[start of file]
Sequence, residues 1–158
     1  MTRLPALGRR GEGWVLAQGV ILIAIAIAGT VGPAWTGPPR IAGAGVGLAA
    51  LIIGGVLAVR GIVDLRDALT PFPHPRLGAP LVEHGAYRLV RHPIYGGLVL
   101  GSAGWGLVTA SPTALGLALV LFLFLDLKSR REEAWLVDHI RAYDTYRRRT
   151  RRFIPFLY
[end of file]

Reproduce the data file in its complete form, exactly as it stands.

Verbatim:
Sequence, residues 1–158
     1  MTRLPALGRR GEGWVLAQGV ILIAIAIAGT VGPAWTGPPR IAGAGVGLAA
    51  LIIGGVLAVR GIVDLRDALT PFPHPRLGAP LVEHGAYRLV RHPIYGGLVL
   101  GSAGWGLVTA SPTALGLALV LFLFLDLKSR REEAWLVDHI RAYDTYRRRT
   151  RRFIPFLY